The Commons Science and Technology Committee of the UK Parliament has announced it is to conduct a review of Peer Review. We take a look at what they have promised to review and wonder what it might mean for communicating science.
Here’s the opening paragraph of the announcement:
“The Committee has today launched an inquiry into peer review. The committee invites evidence on the operation and effectiveness of the peer review process used to examine and validate scientific results and papers prior to publication.” Dated 27th January 2010.
As they say in their announcement they are looking for submissions on all aspects of the process including its strengths and weaknesses, its value, how reviewers are selected, if the process differs across the globe, the role of IT in the process and whether there are alternatives to peer review. Wide ranging stuff.
They also say that they will examine “the value and use of peer review in informing public debate.” Now that does sound like an interesting can of worms to have look into. Will they find a rosey picture of loveliness? Or will they find an ugly secret war of scientific words and stifled debate?
It’s not as if we haven’t been here before. New Scientist debated the issues surrounding peer review in an editorial last year (subscription required – sorry). They highlighted the apparent disparities between US stem cell researchers getting published quicker and in higher impact journals than non-US stem cell researchers.
Whilst they admitted that this pattern could be related to all manner of things, including the point that the American’s might simply be doing better research with stem cells, there are still legitimate concerns.
The obvious point is that there is a risk only one side of the story is getting heard – that of the “in-crowd” – the well funded, top level science rock stars that genuinely ‘lead’ a scientific area. They will have a consensus of opinion based on years of research and publications. They won’t agree on everything but they will agree on most things.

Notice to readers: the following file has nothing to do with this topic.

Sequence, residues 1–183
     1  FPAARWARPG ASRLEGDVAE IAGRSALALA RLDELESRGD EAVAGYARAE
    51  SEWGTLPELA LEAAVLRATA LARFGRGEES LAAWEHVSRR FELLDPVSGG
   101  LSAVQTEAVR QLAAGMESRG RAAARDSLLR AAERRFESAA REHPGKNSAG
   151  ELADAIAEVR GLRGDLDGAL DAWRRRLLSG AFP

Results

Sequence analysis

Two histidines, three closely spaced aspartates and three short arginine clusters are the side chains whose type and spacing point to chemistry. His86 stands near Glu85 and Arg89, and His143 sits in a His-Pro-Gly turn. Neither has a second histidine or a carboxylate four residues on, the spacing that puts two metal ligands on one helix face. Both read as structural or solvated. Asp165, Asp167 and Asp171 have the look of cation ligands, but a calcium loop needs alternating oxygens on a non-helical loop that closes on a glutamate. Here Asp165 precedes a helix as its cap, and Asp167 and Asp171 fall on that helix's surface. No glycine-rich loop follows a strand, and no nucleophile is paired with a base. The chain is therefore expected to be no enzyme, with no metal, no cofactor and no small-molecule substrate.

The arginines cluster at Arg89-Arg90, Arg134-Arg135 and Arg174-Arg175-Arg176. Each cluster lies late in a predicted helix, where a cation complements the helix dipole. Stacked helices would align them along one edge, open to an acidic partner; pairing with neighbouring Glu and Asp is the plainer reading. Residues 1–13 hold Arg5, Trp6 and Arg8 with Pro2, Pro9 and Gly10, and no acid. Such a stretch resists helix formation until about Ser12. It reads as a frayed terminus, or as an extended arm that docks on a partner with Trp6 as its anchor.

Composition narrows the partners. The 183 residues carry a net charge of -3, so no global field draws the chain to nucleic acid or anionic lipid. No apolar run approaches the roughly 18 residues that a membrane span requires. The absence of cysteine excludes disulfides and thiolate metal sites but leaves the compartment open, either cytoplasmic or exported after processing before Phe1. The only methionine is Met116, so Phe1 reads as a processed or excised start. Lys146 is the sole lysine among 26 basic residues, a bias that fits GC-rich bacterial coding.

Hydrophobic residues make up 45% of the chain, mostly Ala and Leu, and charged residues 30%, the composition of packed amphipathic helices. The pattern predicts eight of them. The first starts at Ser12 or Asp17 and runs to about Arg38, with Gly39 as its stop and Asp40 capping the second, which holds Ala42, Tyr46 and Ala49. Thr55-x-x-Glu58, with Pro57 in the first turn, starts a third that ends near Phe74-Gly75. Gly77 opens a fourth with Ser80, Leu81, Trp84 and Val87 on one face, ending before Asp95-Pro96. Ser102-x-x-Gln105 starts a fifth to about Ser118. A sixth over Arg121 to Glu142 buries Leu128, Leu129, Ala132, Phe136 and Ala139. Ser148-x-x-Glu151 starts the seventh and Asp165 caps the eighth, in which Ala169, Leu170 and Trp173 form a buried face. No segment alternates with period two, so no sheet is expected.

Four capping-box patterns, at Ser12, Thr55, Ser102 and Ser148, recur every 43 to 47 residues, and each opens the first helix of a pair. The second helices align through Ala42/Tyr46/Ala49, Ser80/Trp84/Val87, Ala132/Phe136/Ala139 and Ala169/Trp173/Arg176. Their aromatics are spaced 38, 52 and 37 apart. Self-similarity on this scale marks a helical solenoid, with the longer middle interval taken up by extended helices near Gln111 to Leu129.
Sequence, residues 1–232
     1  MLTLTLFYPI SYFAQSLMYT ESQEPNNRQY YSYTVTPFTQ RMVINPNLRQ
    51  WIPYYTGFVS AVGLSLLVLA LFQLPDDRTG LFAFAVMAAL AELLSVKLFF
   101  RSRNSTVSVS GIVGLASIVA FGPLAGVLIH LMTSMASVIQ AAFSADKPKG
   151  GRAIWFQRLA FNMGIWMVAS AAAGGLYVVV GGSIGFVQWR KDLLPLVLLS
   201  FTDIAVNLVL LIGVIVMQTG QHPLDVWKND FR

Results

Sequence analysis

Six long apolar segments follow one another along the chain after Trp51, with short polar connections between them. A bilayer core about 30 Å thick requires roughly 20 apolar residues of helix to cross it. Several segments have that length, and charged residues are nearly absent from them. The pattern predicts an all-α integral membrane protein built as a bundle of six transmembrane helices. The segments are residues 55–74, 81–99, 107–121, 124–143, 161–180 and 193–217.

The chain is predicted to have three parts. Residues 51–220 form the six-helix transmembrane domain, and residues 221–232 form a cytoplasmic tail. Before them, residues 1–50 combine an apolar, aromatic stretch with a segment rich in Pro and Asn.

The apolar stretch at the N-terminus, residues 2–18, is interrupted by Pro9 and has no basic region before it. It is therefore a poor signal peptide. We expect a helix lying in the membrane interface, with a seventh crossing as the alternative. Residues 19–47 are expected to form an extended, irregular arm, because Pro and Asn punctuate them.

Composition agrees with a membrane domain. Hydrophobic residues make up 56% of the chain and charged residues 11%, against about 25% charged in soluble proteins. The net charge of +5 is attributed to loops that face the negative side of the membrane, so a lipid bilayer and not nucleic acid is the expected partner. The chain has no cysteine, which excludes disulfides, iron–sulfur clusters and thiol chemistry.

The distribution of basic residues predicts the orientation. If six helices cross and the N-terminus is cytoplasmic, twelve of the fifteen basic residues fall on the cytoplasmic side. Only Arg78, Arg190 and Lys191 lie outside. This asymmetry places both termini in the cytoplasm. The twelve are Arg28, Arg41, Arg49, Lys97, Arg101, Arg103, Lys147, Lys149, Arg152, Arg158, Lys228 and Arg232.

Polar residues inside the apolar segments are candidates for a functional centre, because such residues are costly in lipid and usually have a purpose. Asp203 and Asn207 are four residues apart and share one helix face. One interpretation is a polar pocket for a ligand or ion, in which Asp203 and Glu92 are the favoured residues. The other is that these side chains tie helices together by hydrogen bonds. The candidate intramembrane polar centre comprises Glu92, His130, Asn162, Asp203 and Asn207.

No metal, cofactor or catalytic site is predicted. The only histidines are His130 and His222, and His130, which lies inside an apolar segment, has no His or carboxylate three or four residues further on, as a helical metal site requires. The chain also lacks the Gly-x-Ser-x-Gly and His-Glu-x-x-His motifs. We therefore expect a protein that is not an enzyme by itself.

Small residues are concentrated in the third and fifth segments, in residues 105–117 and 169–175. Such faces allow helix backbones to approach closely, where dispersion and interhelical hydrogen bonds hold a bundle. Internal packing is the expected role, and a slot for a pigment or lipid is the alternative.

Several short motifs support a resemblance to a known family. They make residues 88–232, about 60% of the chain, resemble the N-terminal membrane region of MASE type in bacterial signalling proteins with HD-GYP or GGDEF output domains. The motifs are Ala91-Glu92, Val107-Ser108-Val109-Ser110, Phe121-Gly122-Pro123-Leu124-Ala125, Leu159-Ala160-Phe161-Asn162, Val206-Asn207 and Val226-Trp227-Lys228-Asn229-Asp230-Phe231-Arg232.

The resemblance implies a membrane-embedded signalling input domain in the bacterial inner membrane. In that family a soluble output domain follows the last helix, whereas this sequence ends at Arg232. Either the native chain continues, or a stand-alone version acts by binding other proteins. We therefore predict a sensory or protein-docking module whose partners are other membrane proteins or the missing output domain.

Now, what happens when a manuscript comes along that goes against the consensus? Do we get to hear about it?
Well, imagine this situation. A new well funded group in say, China tries to publish a paper that challenges the scientific consensus of the day. It is well written, high quality work and deserves publication in a high impact journal. It goes out to review, only to land on the desk of a member of that elite club, the in-crowd. The reviewer sees the power of their arguments and realises that they might actually be right. He also realises that if this gets out and gains momentum, there would be a risk to his future funding and career prospects. He will make all efforts possible to pick holes in it, delay the review and come up with powerful arguments to get the journal to reject it. The paper will eventually get out, but in a much lower impact journal and much later than it would have done.
Obviously this would be an exceptional case but the risk of bias and the conflicts of interest are clear to see. Do we ever get the chance to see this in action? Not really, because the power of peer review is in its anonymity. Scientists are at liberty to critically review the work without fear of retribution from peers. It is a powerful system that has been around for years and that everyone knows is open to abuse. The checks and balances in the system are lacking because it is very rare that we ever get to see the reviewers comments… except when we are on the receiving end of them.
As the New Scientist pointed out, the solution could be complete disclosure of the review process. Tricky as this might put off some scientists from participating in peer review. Meanwhile, a compromise has been suggested by a group of peeved European stem cell biologists – partial disclosure. Publish the referees’ comments and communications as supplementary material but redact the names. It all sounds rather familiar but I’m guessing Wikileaks have a bit too much on their plate to get involved right now.
There is also the question of whether post publication peer review will make a difference. We’ve seen what happens when peer review gets an airing in public – ‘alien’ bacteria and a massive communications balls up.
If the MPs make this proposal in their review it will add to the growing voices demanding change in the peer review system. It also means that science will become an uglier place to navigate for scientists.
For those that make a living out of talking about science, the journalists and bloggers, it will be a field day.
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